Upon Williams’ introduction, the Addicks became more of a 4-2-2-2, with the Welshman and Joe Aribo playing off Taylor and Josh Parker up front, with Bielik and Josh Cullen offering defensive protection (yet another example of Bielik’s flexibility, this time operating as a genuine central midfielder).
With the two attackers linking up between the lines, it gave more options for Charlton to play through centrally and feed their front line. However, due to fewer amounts of defensive cover, it slightly inhibited Purrington and Dijksteel from advancing as frequently as they had done, meaning that Lee Bowyer’s men looked to now create more centrally as opposed to out wide.
Unable to hit Wyke
A large part of Sunderland’s attacking armoury is the aerial capabilities of Charlie Wyke, looking for knock-downs off the head of the striker in order to provide for their deeper attacking midfielders to run onto and play off.
Yet with the initial three central defenders for Charlton, they swamped the powerful forward in order to prevent not just his ability, but Sunderland’s ability to run onto Wyke’s contribution also. The Charlton midfield would retreat to surround Wyke, getting in close proximity in order to increase their chances of getting straight onto the second balls.
Sunderland were unable to provide adequate support for the 26-year old, and their inability to fully maximise his attributes stifled much of their attacking play.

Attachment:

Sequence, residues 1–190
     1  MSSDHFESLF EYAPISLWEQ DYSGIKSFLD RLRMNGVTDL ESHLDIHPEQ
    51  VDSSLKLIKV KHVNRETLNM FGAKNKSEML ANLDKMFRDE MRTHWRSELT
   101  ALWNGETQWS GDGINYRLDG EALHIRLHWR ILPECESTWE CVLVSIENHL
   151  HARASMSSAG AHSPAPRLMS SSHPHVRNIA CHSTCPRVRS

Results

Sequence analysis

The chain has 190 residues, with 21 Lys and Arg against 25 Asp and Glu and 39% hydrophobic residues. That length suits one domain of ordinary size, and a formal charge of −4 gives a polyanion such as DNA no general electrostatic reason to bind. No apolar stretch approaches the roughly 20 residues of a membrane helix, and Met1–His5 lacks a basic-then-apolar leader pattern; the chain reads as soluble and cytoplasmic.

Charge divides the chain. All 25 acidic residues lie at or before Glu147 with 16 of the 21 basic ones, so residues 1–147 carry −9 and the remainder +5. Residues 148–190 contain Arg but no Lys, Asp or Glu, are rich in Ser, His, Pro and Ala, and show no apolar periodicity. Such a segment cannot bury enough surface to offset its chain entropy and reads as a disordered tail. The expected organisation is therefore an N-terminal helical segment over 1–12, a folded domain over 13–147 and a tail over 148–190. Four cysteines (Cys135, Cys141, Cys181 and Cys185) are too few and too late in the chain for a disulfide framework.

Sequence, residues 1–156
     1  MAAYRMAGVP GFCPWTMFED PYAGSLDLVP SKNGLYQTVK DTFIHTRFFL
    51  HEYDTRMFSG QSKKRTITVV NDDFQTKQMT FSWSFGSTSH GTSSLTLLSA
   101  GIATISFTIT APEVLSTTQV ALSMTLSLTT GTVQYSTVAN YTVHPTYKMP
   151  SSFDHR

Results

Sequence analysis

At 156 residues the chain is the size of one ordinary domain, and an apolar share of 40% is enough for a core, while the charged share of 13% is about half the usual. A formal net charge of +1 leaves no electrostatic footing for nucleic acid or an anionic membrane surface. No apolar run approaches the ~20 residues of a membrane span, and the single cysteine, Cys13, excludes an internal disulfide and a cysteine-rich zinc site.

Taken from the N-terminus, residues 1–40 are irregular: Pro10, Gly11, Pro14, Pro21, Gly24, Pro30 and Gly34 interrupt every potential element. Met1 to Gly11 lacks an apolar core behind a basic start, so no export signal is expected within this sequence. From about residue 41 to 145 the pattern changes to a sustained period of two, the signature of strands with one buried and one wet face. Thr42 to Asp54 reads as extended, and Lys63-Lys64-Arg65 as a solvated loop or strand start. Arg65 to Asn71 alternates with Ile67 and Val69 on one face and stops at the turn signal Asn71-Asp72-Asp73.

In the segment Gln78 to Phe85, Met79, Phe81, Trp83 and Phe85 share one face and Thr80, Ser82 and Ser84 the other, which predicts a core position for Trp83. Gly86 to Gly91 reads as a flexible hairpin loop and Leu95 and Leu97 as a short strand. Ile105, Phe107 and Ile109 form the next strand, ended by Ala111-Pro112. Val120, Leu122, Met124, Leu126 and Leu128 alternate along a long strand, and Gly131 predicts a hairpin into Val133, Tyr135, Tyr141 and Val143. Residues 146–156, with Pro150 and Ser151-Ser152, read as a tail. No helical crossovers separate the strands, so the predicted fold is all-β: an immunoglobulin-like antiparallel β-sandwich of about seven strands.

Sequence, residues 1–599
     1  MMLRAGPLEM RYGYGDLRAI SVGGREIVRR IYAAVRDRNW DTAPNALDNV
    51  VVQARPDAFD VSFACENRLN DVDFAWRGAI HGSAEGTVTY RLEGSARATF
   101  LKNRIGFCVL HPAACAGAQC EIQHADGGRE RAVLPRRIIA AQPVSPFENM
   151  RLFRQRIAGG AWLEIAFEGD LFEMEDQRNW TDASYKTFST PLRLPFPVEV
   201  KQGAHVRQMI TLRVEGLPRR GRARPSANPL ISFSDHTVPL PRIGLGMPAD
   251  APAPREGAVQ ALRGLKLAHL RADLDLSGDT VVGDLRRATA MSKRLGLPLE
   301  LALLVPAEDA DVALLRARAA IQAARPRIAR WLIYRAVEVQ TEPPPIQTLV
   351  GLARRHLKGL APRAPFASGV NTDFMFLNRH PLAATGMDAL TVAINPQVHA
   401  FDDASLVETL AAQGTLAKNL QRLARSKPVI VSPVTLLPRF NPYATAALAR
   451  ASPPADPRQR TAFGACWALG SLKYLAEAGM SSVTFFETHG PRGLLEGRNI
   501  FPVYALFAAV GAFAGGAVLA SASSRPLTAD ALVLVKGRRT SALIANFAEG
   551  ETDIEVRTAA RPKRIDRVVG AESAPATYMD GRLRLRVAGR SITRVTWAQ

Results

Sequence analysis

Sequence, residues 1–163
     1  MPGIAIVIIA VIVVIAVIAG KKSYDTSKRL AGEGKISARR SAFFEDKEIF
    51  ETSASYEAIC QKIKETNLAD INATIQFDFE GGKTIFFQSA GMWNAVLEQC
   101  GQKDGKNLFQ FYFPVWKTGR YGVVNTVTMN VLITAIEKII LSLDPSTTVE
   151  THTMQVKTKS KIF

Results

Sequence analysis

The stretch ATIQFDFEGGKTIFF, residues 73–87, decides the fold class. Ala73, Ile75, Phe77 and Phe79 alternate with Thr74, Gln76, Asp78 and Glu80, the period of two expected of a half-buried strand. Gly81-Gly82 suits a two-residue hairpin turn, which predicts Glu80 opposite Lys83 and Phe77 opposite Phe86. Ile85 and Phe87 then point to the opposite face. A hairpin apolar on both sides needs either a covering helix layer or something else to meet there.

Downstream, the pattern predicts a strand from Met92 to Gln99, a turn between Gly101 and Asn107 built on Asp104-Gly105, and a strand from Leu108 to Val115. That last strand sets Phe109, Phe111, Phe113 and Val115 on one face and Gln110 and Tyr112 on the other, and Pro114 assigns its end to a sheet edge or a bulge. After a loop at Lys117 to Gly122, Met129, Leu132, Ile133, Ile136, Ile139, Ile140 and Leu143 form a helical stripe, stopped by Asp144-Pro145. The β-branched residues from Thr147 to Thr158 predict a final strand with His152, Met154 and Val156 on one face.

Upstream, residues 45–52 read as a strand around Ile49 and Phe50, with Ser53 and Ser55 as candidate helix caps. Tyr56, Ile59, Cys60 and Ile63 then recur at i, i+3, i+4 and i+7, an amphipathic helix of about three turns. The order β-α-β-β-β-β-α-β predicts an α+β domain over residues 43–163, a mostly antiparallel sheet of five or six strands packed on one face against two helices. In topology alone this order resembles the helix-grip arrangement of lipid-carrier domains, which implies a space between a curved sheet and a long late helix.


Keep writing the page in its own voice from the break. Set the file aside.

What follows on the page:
As with Charlton – and also so many modern-day teams – Sunderland’s full-backs play a huge part in their attacking setup.
Here, Jack Ross’ outfit would look to use their full-backs in order to provide support and assistance out wide in attack.
Sunderland would often look to bring one of their wide midfielders or full-backs inside whilst pushing the other outside to give balance in a variety of passing lines, as can be seen in the following examples.
When the full-back would be positioned on the touchline the midfielder would move inside and vice versa, always ensuring that there was an option out wide in order to stretch the Charlton defence.
The below images indicate firstly O’Nien offering width with Morgan inside, before Oviedo coming inside when supported by width from Honeyman.
Pressing in midfield
Furthermore, Sunderland also looked to harass the Charlton midfield when in possession in order to win back the ball and be ruthless in transition.
Whenever an Addicks midfielder received the ball in-or-around the halfway line the Black Cats would relentlessly hound the recipient in order to maximise their chances of winning the ball back, as can be seen below.
Sunderland utilised such a tactic in order to fully capitalise on their men in advance of the ball upon turnover, with the wide attacking midfielders always ready to react to produce a swift counter attack when winning the ball back.
Charlton gained promotion through taking advantage of key moments in a tight contest. Neither side truly dominated the other, however ultimately the Addicks’ ability to carve out two genuine chances were the difference between going up and staying down.